Dinatec, Inc


Dinasil is a product that is formulated to bind toxins produced by molds (mycotoxins) in such a way that it will not be absorbed by the animal.

What does Dinasil contain?

Dinasilcontains Aluminum silicate.

How does Dinasil works?

Dinasilbinds mycotoxin inside the animals digestive system allowing the mycotoxin to pass through without causing any harm.

Does Aluminum Silicates bind other minerals?

Based on studies conducted at the University of Georgia there is no nutrient binding that occurs in the animal feeds. If however binding does occur the potential is of very low magnitude and would result in only minor consequence on the animals perfor­mance.

Why do I need to include mold inhibitor in the feeds?

It is stated that molds can potentially grow starting from the field up to the house of the animals.  Once the mold grows it begins to produce mycotoxins which causes many harm to the ani­mals. A toxin binder is the only means of getting rid of these harmful toxins after they are produced in the feed.

Is it still necessary to put a toxin binder if mold inhibitor is already mixed in the feeds?

Yes. A toxin binder is specifically used to bind mycotoxins produced by molds, while a  mold inhibitor stops mold reproduc­tion.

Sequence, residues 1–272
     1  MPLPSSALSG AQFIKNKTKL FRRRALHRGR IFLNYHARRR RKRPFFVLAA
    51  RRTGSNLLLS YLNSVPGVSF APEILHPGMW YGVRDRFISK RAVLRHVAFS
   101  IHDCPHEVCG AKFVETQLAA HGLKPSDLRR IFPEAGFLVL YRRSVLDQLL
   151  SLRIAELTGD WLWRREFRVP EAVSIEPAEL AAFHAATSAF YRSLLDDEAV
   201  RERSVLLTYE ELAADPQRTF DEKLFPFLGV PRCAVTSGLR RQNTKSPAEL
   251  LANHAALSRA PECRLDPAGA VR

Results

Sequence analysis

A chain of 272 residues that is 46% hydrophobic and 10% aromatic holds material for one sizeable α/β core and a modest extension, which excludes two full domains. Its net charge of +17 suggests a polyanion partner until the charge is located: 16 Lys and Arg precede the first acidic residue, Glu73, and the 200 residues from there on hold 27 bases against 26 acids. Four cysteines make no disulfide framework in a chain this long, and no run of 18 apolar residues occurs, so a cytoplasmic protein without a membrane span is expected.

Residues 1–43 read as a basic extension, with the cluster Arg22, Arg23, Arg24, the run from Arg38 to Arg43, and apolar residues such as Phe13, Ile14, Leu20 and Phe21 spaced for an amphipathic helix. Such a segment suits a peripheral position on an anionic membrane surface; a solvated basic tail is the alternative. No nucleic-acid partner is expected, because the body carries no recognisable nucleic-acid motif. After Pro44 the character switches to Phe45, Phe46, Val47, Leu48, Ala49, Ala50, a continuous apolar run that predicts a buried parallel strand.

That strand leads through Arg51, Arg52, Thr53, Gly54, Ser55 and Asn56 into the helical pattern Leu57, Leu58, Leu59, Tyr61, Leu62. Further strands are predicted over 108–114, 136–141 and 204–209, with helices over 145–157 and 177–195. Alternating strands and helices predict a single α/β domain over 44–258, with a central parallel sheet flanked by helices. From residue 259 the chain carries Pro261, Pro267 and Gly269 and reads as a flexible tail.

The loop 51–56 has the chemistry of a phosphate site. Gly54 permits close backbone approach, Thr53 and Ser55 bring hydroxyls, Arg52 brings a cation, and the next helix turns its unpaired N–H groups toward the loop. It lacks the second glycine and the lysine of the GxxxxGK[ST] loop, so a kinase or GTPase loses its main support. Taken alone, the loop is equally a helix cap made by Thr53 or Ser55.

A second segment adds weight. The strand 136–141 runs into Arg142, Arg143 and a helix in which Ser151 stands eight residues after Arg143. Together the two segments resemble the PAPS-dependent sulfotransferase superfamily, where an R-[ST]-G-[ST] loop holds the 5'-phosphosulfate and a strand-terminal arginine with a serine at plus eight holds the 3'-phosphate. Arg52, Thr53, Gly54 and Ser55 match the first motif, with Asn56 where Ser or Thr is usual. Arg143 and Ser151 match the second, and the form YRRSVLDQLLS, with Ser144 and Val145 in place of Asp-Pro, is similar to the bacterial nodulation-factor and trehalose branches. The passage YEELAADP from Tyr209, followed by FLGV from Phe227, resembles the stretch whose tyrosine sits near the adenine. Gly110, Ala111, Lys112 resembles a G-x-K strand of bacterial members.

When molds are present, toxin is consequently produced there­fore, a toxin binder is necessary.

A very effective preparation for protection against molds and toxin isDinasilPLUSwhich is  a combination of a  mold in­hibitor and a toxin binder.  This will better protect the essen­tial nutrients in feeds as well as your animals.  Mycotoxicosis is no more a worry.

How much Dinasil and Dinasil PLUS will I place in a ton of feed?

Dinasil is added at a rate of 1 kg per ton of finished feed.

Dinasil PLUS is added at 1 ‑ 2 kg in every ton of feed.


Some are carcinogenic and many are synergetic with pathogenic or disease conditions. For example there a corroborated evidence to sustain the impairment of immunity response of affected animals (Charts 2 & 3).  There is also documented synergism with coccidiosis, salmonella, (Chart 4) crop mycosis and nutritional deficiencies (Chart 5) (Poultry Science  53;721‑725, 1974 immunal suppression in chickens by aflatoxins, J.P. Faxton, H.P. Tung and P.B. Hamilton).  'The relative sizes of both the bursa of fabricious and thymus were reduced by dietary aflatoxin. The bursa decreased by approximately 1/4 at the higher doses of aflatoxins while the thymus regressed to about 1/2 of normal size'.

The study indicates that dietary aflatoxin is a potent immuno-suppressant in the young chicken and that the extent of suppression of that response is related to the dose of aflatoxin as well as the duration of the treatment.  Poultry Science 54; 1693‑1696, 1975 interaction of T2 toxin with salmonella infections of chickens.  Boon Bungearn Boonchuvit, P.B. Hamilton and  H.R. Burmeister 'The interaction demonstrated  between T2 toxin and para typhoid infections which manifest themselves as increased  mortality, has important implications for the  poultry industry' (Chart 4).